This week's book giveaway is in the OCAJP 8 forum. We're giving away four copies of OCA Java SE 8 Programmer I Study Guide and have Edward Finegan & Robert Liguori on-line! See this thread for details.
Hi I've got a question about weblogic 6.1. having 2 different EJB applications packaged in jar files, both deployed to same server, same domain. Can the 2 applications access each other class loader (and thus classes?) without altering server classpath? My guess is no I'm working on a project where there are two jar's deployed. First application with couple EJBs and util classes. Does not provide any direct services to clients. The second applications inherits from a bunch of classes in the first application and uses the services of the 2 EJBs it declares(logging and "wannabe-dynamic querying"). But the second jar does not contain any of the classes it inherits from. It seems to me the only way it works right now is that they(previous developers) have put both application jars in the servers own classpath(declared in the server startup startupscript). Second reason is that second Application is also using weblogics "startup class" facility to load certain resources on startup( in-house developed timer service). Since the startup class is in the applications jar file, it seems the whole jar had to be on the classpath. I haven't worked too much on EJB components, but from my experience with webapplications this seems like a really bad idea to me. Wouldn't it be better to include everything in one application Jar file, so it could be deployed everywhere? Am I correct or am I just crazy? While thing seems like a hack to me. Is this a common deployment approach on real life servers? comments?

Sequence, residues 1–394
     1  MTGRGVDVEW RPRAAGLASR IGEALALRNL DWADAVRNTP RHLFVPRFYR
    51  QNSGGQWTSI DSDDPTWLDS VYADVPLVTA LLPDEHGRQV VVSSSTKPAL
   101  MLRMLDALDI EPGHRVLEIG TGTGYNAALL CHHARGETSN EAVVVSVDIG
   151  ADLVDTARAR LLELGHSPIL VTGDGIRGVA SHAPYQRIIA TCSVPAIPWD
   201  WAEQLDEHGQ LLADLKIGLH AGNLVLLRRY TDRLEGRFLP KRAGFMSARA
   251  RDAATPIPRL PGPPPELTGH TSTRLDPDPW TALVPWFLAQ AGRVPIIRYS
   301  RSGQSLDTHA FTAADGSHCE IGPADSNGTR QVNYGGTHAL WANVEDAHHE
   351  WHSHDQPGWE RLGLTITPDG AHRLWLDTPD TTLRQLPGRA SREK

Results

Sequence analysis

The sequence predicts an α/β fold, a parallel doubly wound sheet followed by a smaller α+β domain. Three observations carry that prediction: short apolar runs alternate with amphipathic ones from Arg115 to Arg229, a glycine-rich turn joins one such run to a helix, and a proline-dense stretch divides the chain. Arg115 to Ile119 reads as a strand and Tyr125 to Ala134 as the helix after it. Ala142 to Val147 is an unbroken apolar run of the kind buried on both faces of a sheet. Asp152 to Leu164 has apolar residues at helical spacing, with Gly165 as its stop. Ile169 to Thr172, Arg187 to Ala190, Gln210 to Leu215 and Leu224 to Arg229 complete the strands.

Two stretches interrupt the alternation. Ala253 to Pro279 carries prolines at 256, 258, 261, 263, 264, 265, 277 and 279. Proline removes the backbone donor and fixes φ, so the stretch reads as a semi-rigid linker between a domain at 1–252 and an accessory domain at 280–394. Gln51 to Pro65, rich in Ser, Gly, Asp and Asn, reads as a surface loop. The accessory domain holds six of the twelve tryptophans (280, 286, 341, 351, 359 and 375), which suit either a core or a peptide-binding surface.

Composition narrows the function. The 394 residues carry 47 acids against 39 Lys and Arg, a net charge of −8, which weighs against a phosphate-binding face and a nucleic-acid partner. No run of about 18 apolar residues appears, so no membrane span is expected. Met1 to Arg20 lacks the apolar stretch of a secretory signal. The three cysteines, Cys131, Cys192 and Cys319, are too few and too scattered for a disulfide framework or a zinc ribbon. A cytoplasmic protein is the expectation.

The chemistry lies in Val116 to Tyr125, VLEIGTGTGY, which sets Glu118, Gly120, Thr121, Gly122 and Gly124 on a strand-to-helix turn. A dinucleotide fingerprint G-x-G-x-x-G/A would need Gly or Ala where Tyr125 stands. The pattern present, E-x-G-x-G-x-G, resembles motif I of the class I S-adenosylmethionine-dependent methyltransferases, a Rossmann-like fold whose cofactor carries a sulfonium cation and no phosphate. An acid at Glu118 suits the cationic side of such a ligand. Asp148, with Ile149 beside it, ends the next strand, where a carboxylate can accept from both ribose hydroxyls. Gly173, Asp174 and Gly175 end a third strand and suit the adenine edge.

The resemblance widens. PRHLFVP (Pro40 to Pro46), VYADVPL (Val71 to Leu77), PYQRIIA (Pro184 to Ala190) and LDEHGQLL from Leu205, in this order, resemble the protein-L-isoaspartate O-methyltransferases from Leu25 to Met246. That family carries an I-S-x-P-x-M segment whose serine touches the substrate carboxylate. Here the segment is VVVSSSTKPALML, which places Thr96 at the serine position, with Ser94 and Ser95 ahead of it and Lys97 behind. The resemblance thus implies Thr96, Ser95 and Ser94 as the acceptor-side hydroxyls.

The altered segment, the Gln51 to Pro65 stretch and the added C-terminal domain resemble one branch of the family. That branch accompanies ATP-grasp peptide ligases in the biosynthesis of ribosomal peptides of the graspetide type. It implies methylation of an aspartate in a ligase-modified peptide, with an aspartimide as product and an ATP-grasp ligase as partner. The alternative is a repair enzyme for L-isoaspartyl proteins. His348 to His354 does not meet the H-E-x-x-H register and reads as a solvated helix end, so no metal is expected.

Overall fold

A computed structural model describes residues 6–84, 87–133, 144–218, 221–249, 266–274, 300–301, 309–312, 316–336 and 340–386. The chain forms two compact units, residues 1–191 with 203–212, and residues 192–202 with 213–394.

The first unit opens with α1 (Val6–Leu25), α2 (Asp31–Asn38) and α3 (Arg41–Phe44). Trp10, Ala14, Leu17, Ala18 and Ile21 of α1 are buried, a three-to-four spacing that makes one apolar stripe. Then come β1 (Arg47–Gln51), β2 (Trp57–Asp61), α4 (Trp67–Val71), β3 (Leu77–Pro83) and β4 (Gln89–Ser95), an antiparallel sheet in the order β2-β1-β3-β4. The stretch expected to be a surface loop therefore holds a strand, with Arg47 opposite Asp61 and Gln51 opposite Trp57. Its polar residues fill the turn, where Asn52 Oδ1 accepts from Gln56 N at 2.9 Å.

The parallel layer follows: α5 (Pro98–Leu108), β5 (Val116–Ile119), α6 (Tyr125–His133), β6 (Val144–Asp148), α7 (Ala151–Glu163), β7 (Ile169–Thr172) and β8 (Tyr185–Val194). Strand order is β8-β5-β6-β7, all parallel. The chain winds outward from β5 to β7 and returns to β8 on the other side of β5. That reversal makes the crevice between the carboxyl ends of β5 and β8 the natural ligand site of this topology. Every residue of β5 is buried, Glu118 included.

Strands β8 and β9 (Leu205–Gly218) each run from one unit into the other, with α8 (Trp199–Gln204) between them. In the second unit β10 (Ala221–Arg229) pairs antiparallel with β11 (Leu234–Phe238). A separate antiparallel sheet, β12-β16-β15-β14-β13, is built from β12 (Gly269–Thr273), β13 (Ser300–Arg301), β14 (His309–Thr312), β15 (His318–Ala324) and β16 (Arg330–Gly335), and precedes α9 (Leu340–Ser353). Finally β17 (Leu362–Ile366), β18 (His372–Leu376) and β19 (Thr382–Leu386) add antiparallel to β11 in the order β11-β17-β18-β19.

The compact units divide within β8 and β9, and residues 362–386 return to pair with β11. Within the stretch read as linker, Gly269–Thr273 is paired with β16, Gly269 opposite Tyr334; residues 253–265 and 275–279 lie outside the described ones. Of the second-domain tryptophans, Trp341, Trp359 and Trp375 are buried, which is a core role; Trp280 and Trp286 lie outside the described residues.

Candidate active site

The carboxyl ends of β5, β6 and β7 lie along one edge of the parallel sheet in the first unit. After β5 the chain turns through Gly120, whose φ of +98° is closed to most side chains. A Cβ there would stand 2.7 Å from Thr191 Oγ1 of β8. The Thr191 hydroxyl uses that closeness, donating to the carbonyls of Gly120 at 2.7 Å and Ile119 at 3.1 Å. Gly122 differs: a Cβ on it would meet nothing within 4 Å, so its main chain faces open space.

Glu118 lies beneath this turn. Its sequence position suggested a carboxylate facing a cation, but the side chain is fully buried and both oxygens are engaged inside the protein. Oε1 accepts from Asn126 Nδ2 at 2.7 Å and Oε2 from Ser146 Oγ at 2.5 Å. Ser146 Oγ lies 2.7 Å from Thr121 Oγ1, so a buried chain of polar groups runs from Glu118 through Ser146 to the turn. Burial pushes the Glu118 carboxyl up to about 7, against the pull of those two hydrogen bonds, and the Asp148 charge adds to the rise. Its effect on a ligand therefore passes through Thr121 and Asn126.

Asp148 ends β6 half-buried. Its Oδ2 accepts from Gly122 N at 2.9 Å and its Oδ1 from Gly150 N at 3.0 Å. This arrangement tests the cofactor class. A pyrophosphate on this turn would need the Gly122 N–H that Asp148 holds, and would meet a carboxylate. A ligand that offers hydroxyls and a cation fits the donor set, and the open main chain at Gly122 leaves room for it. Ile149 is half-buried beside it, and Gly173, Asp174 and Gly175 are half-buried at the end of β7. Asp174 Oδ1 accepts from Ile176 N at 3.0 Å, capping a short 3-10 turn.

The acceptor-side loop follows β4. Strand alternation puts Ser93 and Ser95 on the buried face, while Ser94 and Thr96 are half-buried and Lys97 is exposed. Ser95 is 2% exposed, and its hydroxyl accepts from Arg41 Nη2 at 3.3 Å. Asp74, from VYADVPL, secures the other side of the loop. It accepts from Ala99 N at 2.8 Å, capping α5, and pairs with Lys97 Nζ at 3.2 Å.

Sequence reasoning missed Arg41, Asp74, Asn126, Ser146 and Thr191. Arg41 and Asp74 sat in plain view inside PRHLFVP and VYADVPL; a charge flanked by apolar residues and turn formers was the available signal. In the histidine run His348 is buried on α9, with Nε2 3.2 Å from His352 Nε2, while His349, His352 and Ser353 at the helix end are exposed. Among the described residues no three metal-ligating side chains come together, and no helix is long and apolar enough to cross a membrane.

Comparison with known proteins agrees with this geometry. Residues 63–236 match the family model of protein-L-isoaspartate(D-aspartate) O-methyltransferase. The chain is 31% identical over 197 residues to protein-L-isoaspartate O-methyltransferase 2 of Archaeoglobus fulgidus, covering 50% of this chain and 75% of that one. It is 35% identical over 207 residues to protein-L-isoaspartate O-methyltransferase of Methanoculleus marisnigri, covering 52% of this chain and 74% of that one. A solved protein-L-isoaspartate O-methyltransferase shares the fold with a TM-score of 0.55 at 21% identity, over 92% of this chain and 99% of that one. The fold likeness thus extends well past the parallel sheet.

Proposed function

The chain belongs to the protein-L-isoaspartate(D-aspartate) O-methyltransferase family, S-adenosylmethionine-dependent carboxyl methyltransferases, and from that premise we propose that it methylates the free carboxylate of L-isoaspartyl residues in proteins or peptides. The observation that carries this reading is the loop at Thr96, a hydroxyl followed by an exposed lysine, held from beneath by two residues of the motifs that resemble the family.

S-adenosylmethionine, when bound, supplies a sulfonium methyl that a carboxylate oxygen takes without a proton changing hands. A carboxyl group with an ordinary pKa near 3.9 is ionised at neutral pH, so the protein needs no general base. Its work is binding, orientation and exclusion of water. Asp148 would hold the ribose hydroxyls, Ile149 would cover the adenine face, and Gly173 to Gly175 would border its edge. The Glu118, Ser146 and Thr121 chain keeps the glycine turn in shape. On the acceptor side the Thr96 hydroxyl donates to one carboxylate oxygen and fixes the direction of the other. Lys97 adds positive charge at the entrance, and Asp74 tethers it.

My guess is Yes. I think that each ejb jar file is loaded within the same classloader. So there should be no difference if you package all ejb's in one jar file or have multiple ejb jar files.
Classloaders in Weblogic Server are hierarchical. When you start WebLogic Server, the Java system classloader is active and is the parent of all subsequent classloaders that WebLogic Server creates. When WebLogic Server deploys an application, it automatically creates two new classloaders: one for EJBs and one for Web applications. The EJB classloader is a child of the Java system classloader and the Web application classloader is a child of the EJB classloader.
Joined: Jan 29, 2004
The thing is the 2 jars represents 2 different applications, each with an entry in config.xml. So a.jar and b.jar is application a and b. Now there are only ejbs in these jars, so one classloader for application a and one for b. How can then application b access classes in application a. That's why I though no.